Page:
A few years ago (before I realised that homemade gluten-free pastry didn’t inhabit the land of unicorns), I bought a ready-made beef pie (I’ll spare the brand its blushes). I was so excited. I got it home, slapped it in the oven and salivated whilst it heated through. I bit into it. Yuk. And I’m not talking about the pastry either. I’m talking about the beef. It was salty, grey, gristly, bland and gelatinous and, well, it just didn’t taste like beef. I’ve seen dog food that, quite frankly, looked more appetising.

Why? I asked myself. Beef is beef. Beef is naturally gluten-free. It should taste the same as beef in a ‘normal’ pie.  Did the beef taste disgusting because the cost of manufacturing the gluten-free bit of the pie made decent meat prohibitively expensive? Or was it the producer’s reasoning that our poor, deprived tastebuds have become so desensitised from eating cardboard bread that we would be grateful for anything, however meagre, that was tossed in our direction?  Both thoughts made me feel angry and not a little sad and I vowed that I would make most of my own food from scratch from that time forward.

In other news, I can’t believe that the month goes by so quickly. The other day, my most recent blog post and recipe for LiveGlutenFree went live. Here’s a sneaky peek at my gluten-free chocolate, orange and cardamom melting moments. I’m really into cardamom at the moment and I’ve started grinding it into my peppermint tea, along with cinnamon, chocolate and dried orange peel – sounds bizarre, but it really works! Melting moments are self-explanatory really – biscuits that melt as soon as you put them in your mouth. They’re usually piped with a star nozzle and sandwiched with buttercream but that’s a bit retro-and-not-in-a-good-way for me, so I used a plain cutter and drizzled them with chocolate flavoured with orange. If you like what you see, do click on the link to have a look at the recipe.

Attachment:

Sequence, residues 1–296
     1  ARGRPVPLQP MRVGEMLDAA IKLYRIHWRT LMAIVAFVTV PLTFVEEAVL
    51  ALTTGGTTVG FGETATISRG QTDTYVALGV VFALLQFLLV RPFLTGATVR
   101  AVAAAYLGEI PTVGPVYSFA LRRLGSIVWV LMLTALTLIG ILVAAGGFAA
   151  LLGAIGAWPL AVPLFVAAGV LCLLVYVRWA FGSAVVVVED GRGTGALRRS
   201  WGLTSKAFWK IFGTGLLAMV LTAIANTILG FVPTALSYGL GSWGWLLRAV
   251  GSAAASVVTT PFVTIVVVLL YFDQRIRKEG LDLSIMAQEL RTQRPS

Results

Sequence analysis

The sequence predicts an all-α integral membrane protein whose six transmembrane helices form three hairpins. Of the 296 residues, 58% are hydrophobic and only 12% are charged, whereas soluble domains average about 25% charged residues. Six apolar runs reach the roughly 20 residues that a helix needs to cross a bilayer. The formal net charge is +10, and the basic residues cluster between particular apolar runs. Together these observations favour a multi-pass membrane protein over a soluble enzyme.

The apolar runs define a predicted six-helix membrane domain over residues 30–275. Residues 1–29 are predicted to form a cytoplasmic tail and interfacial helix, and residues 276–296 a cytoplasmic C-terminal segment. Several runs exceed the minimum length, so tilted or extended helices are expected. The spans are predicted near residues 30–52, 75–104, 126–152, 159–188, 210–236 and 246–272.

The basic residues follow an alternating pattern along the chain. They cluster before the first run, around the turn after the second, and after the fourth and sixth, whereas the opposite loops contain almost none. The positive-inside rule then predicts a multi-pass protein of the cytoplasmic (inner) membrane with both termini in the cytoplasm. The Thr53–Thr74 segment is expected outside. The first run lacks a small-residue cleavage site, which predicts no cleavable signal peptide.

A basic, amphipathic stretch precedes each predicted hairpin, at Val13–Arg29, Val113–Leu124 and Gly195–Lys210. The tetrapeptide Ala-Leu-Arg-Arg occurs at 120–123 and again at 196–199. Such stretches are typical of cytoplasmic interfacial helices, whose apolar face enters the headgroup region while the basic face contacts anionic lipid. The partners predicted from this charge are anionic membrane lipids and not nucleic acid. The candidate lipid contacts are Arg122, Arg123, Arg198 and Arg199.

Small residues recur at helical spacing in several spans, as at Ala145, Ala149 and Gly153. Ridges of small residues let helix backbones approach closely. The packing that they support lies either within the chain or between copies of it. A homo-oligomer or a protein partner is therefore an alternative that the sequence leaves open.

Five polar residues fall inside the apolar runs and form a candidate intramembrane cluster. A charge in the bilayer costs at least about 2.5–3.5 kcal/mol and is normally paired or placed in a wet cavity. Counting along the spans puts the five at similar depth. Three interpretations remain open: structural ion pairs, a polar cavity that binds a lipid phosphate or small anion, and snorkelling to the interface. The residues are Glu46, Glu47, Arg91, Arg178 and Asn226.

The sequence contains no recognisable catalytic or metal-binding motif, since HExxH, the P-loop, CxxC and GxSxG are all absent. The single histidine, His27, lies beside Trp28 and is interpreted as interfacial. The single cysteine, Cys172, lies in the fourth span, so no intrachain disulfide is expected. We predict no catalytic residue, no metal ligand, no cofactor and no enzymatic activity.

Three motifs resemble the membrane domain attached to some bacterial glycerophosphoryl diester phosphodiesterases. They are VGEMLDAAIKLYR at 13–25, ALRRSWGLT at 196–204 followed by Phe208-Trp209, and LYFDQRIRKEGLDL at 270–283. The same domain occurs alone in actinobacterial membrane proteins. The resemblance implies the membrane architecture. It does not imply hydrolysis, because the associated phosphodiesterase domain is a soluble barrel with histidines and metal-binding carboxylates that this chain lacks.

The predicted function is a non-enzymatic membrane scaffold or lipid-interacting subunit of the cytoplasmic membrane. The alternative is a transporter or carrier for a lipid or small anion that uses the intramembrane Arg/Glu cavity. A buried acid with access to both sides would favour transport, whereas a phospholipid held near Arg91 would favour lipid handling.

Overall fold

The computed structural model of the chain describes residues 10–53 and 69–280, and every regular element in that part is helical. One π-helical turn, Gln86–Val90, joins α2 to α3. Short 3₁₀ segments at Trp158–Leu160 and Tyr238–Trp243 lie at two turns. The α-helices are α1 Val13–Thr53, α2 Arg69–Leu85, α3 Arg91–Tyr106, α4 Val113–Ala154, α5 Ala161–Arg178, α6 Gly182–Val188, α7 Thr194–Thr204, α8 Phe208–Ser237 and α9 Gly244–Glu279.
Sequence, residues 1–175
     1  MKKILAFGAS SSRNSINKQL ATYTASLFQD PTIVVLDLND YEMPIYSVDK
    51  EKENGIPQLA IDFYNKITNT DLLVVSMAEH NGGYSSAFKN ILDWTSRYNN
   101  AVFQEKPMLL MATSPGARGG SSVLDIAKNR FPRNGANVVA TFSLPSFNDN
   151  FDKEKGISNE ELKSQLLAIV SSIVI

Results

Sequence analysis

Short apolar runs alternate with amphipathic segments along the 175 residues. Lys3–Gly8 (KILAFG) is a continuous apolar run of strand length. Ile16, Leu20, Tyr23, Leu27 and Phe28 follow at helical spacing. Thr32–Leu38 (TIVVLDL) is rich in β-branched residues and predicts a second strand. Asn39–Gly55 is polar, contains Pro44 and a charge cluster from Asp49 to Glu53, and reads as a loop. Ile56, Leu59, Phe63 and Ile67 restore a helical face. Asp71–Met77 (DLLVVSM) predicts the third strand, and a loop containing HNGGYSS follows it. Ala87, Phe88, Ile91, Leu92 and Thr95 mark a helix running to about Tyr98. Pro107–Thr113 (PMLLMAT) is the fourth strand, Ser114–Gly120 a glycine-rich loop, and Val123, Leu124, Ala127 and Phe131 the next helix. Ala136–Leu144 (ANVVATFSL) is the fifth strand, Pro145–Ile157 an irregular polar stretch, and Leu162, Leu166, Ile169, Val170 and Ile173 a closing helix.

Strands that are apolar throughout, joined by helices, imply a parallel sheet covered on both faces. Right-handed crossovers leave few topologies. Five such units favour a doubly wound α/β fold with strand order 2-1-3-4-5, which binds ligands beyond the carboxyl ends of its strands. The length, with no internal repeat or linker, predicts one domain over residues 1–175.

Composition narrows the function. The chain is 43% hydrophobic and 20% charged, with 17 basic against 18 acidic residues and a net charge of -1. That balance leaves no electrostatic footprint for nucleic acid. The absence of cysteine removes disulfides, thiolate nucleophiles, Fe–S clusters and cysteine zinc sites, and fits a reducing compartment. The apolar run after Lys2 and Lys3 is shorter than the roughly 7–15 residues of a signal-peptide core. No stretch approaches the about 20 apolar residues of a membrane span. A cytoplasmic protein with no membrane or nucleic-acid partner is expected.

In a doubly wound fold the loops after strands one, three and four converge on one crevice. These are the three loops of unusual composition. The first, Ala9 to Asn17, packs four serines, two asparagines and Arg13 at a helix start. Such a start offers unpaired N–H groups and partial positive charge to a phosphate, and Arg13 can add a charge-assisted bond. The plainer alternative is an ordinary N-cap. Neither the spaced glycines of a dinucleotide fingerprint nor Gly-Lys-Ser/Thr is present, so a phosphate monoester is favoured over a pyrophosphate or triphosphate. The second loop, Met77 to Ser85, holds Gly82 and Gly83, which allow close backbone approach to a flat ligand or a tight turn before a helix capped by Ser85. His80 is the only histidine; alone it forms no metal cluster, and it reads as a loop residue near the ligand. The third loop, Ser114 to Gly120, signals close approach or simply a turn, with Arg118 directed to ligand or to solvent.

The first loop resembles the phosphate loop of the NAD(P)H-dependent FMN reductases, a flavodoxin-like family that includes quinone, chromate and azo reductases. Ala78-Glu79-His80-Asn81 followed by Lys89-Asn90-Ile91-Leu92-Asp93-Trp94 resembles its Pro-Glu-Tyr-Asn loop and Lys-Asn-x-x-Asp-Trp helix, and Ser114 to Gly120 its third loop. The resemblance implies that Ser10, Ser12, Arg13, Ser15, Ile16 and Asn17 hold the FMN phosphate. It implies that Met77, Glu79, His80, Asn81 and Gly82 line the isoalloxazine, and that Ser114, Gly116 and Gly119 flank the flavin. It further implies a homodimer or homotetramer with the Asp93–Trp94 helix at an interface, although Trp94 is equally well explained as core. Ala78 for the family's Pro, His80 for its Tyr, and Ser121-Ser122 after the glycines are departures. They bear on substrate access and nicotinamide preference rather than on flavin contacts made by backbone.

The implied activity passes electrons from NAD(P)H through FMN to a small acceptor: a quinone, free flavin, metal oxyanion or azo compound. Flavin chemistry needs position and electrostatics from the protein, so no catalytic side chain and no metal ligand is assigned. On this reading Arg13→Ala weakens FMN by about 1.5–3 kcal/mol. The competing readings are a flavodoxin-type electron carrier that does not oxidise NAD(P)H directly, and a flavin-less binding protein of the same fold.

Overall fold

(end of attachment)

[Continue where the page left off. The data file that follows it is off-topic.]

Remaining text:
Gluten-free chocolate, orange and cardamom melting moments

Anyway, without further ado, here are the stars of the show: mouth-sized morsels of turkey with a garlicky, herby centre, encased in crispy gluten-free breadcrumbs. Serve with boiled potatoes and a green salad or, as I much more sophisticatedly did, with sautéd potatoes and haricots blancs in a tomato sauce chips and beans.

gluten-free turkey kiev bites

Gluten-free oven-baked turkey Kiev bites

Serves 4 (makes 20 turkey Kiev bites)

For the garlic parsley butter:
50g butter, cubed
1 clove garlic, peeled and crushed
1 tbsp flatleaf parsley, chopped

For the breadcrumbs:
150g gluten-free white bread
1 tbsp olive oil
1 tsp garlic granules
1/2 tsp lemon pepper
1/2 tsp salt

500g lean minced (ground) turkey
gluten-free plain (all-purpose) flour
1 egg, lightly beaten

You will also need a food processor, a sheet of greaseproof paper about 30cm x 30cm and a baking (cookie) sheet, lined with baking parchment/greaseproof paper.

First of all, make the garlic parsley butter. Place the cubed butter, crushed garlic and coarsely chopped flatleaf parsley into the food processor and whizz on high speed until everything is well-incorporated and the mixture is soft and flecked with pale green.

Now, you need to form the butter into a log shape about 1cm in diameter and 20cm in length. This is a lot easier to do than to describe, so apologies if it’s a bit long-winded. It’s a *bit* like rolling sushi, if you’ve ever done that before. Lay the piece of greaseproof paper on the work surface and spoon the garlic parsley butter in a blob about halfway along, and 5cm from, the bottom edge. (Now, I’m right-handed, so if you’re left-handed, you might want to do the next bit the other way around). Holding the bottom edge of the greaseproof paper against the work surface with your left hand, bring the top edge of the greaseproof paper over the butter so that it snugly encloses it. Keeping your left hand in place to keep the bottom layer of paper secure, use the blade of your right hand to gently push and nudge against the top layer of paper at the base of the enclosed butter. As you push, the butter travels up the greaseproof paper and it should form itself into a log: the more you push, the thinner it should get.